So far, 34 facilities in the Western Cape are using the HECTIS system and the province plans to roll it out everywhere so that it has a better understanding of the full picture of interpersonal violence.


Patients’ addresses are geocoded to their policing areas, which gives the authorities an idea of where the different kinds of injuries occur.

The dashboard also allows users to drill down and look at the data from a particular area. Perhaps it comes as no surprise that most injuries occur over the weekends.

“The value of a dashboard is that it is so much faster than research. Research is very robust and very valuable but this dashboard can give us information quickly so that we can act quickly rather than wait for information,” said the Director of Health Intelligence

According to the safety dashboard, Moodley showed that the most significant chunk of cases reported in hospitals – 43.8% – are from assault.

Moodley said one of the main implications of this is that the health system is burdened by a “reversible” and preventable mechanism.

“If we can prevent the assaults, it puts our health system under much less pressure,” he said. The dashboard also showed that most assault injuries – more than 40 percent – were due to sharp objects followed by blunt objects and firearms with around 7 percent.

“If you go deeper into the data, you’ll see that different geographic areas have different patterns; different genders have different patterns,” he said.

According to the data, most assaults in the Western Cape happen in Khayelitsha, Mitchells Plain, Gugulethu and Delft, which are all high priority areas for the provincial safety plan.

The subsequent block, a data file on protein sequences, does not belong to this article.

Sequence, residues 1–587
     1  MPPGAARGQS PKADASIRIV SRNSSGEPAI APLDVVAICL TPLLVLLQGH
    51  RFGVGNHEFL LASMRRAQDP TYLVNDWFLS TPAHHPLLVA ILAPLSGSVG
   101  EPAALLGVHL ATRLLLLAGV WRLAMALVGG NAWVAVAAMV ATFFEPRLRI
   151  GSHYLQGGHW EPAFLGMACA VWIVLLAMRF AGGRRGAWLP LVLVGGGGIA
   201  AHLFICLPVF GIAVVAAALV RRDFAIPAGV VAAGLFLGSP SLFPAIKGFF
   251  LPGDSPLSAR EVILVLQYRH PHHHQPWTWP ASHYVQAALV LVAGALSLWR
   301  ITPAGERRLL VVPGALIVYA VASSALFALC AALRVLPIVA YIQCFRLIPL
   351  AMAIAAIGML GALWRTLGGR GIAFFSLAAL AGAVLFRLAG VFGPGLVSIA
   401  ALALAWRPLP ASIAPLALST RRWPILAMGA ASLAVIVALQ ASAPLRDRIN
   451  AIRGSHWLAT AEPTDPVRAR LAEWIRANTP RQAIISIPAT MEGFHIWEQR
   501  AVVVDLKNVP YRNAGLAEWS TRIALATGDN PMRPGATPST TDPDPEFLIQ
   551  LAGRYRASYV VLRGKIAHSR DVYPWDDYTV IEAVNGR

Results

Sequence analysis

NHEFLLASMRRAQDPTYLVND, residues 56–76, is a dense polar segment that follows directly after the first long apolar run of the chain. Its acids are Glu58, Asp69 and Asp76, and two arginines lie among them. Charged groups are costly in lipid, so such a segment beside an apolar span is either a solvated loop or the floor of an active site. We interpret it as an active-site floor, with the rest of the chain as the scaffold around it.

“If we understand who is being assaulted we might have a way of preventing assault in that cohort.”

Using HECTIS data, the Safety Dashboard will track:

• When and where injuries occur;

• The mechanism of injury and the pattern of injury presentation over time;

• Patterns of trauma in particular populations such as gender or age groups over time;

• Patterns of trauma among pregnant women presenting at emergency centres; and

• Non-trauma presentations.


The dashboard also provides data for the life cycle of an individual – even prior to birth.

Moodley said there is a higher proportion of assault on women in the second trimester of pregnancy. He added that the government would have to do more research before saying why this is the case.

However, he offered that the second trimester is when most women start displaying their pregnancy and start talking to their partners.

From birth to two-years-old children mainly sustain injuries through accidents with some assault, as the child grows older, road traffic incidents and assault become more prevalent.

But, when the child reaches adolescence – 11 to 18 years old – there is a massive jump in assault, which makes up 37.5 percent of injuries for that age group.

“This picture that is being painted is that a child is born into violence when pregnant women are assaulted and as they grow older they grow into violence.

“There is this sad cycle that is manifesting in many lives in the Western Cape,” said Moodley.

In response to a question from The South African, Moodley said the safety dashboard is not yet available to the public but that will change in due course.

Currently, it is available to Western Cape safety stakeholders including the SAPS, the Department of Police Oversight and Community Safety and the City of Cape Town.

The dashboard is updated daily, according to Moodley but the data-capturing happens in real-time at trauma centres across the province.